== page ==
US says working to restore humanitarian pauses after Gaza truce falters

The US said Friday it is working with regional countries to restore what it calls "humanitarian pauses" in the besieged Gaza Strip after a truce between Israel and Hamas ended overnight. 

National Security Council spokesperson John Kirby told reporters that Washington is working with Israel, Egypt and Qatar to have the truce take effect again, blaming Palestinian group Hamas for its end.

"Let's be clear about this. It's because of Hamas that this pause ended that they were just simply unable, failed to produce a list of hostages that could help enable that pause from extending. So the onus is on Hamas to be able to produce a list of hostages that can get out so that we can try to get this pause back in place," he added.

Early on Friday, Israel and Hamas traded blame for violating the terms of a seven-day humanitarian pause that began on Nov. 24.

The Israeli army resumed intensified attacks across the Gaza Strip early Friday after declaring the end of the humanitarian pause, resulting in hundreds of Palestinian casualties.

At least 178 Palestinians have been killed, and 589 more injured, since Israel resumed its bombing campaign, according to the Gaza Health Ministry.

The humanitarian pause began on Nov. 24 as part of an agreement between Israel and Hamas to temporarily halt fighting to allow for a swap of hostages and Palestinian detainees, as well as an expansion in humanitarian aid deliveries.

Kirby said Israel has agreed to resume some aid deliveries to Gaza "at our request" after preventing them from entering the Rafah border crossing between Gaza and Egypt when the truce expired. But he noted that the number of trucks is likely to number in the dozens, rather than the hundreds seen during the truce.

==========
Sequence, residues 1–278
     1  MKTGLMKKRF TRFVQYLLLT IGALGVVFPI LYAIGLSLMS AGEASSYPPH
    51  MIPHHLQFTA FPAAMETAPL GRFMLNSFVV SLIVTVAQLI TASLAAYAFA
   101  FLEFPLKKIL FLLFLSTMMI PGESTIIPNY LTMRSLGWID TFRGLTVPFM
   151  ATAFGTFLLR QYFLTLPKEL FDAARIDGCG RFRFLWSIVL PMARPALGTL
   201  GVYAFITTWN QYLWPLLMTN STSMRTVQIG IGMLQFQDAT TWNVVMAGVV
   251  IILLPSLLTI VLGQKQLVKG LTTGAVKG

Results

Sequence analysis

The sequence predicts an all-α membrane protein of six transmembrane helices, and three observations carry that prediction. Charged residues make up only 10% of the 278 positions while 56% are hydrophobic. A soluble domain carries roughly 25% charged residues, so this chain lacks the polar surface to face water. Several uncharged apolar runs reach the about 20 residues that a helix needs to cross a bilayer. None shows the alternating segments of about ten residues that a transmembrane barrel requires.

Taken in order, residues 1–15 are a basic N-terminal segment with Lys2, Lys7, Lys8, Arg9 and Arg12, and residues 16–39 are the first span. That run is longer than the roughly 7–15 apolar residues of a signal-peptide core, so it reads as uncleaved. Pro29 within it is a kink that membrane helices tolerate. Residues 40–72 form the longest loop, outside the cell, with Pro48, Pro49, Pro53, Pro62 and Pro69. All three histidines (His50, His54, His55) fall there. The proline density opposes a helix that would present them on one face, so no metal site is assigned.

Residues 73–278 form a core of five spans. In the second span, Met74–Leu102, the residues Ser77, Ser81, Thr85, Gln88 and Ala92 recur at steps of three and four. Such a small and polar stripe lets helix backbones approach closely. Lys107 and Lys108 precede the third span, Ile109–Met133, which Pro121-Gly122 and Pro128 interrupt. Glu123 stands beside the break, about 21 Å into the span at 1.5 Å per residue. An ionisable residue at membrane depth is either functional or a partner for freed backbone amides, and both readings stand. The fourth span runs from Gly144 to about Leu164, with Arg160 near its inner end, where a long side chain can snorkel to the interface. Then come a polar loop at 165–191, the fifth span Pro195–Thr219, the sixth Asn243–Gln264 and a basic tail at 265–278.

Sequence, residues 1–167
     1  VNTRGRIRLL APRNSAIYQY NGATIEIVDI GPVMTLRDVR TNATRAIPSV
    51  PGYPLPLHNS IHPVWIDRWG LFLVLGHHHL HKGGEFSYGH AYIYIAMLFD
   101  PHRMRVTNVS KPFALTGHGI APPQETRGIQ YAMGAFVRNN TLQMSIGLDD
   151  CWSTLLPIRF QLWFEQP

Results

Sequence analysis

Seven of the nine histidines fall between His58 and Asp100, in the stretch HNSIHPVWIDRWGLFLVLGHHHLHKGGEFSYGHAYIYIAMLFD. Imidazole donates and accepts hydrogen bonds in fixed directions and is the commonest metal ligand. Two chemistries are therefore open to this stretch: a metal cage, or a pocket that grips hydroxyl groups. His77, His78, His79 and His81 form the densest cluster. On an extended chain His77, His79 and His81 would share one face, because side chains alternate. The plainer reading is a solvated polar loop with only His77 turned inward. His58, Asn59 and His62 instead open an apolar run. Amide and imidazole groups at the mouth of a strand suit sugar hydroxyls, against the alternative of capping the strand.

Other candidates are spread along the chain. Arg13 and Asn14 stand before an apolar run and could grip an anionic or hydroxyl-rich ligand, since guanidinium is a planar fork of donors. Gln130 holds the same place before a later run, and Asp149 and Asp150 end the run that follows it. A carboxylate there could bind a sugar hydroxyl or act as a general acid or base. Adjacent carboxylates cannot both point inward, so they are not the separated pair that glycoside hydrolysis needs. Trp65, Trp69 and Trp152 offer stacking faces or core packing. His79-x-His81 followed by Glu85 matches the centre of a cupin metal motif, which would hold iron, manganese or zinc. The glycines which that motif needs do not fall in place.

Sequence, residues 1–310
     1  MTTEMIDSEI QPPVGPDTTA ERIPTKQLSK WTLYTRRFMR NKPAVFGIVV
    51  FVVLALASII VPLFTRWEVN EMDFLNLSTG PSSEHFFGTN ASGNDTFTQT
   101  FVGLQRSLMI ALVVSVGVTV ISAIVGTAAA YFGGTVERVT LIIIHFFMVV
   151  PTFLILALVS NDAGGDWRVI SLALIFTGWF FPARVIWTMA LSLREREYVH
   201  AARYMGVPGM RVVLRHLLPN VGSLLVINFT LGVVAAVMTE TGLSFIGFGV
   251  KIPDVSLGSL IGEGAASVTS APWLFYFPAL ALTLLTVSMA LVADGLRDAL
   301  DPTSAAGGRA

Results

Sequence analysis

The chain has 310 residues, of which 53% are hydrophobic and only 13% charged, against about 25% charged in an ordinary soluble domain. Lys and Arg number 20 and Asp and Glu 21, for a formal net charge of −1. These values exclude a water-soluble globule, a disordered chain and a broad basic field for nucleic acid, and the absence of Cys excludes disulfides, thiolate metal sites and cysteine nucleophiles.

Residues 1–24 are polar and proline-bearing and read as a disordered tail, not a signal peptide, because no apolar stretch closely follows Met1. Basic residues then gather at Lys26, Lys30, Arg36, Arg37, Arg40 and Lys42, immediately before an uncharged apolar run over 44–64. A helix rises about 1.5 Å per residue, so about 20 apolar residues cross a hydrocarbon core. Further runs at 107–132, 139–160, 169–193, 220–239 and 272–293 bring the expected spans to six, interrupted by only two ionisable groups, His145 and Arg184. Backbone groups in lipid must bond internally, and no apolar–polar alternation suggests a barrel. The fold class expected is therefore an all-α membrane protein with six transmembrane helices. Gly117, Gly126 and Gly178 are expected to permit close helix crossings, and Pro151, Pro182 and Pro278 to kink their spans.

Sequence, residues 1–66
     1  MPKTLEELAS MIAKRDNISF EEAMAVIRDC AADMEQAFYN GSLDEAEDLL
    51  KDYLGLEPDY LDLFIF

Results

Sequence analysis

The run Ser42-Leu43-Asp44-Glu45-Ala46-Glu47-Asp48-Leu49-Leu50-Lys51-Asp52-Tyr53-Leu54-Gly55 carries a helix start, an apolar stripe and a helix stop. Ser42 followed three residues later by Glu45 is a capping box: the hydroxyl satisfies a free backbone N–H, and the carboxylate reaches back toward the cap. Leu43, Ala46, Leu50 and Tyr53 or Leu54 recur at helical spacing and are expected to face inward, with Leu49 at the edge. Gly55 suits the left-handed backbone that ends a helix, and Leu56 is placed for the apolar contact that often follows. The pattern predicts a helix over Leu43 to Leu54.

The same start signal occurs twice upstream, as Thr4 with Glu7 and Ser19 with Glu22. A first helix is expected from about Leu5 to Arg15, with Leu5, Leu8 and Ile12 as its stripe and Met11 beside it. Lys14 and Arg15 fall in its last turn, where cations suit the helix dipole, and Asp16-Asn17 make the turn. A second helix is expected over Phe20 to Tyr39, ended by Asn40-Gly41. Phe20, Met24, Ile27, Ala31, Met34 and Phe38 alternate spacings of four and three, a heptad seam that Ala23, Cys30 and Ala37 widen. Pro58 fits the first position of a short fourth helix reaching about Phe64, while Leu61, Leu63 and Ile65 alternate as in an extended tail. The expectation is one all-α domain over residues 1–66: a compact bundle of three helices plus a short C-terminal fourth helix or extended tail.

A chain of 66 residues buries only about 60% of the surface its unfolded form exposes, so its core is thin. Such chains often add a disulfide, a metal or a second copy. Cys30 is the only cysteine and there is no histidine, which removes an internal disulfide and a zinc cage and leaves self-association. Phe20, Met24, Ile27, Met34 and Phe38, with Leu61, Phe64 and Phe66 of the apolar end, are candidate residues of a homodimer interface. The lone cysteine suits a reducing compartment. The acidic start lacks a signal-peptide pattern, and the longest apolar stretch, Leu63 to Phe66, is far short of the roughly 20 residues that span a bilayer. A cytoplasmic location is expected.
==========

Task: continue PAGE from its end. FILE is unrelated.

"That looks like a good sign going forward," he said. "Now they have reduced the kind of aid that's going to be allowed in. They've certainly said they're going to reduce that, but it looks like we're going to be able to resume it -- probably in terms of dozens of trucks versus hundreds of trucks."

Prior to finding out about what he said was a statement from an Israeli spokesperson announcing the resumption, Kirby had called for Israel to restore deliveries at truce levels, saying Tel Aviv had been blocking them altogether by preventing inspections from taking place.

More than 15,000 Palestinians, mostly children and women, have been killed in Israeli attacks since the start of the war. Israel began its campaign in retaliation for Hamas' Oct. 7 cross-border attack in which over 1,200 people were killed, according to official estimates.

In Gaza, roughly 80% of the population has been displaced, and about half of the coastal territory's housing stock has been damaged or destroyed, according to UN estimates.

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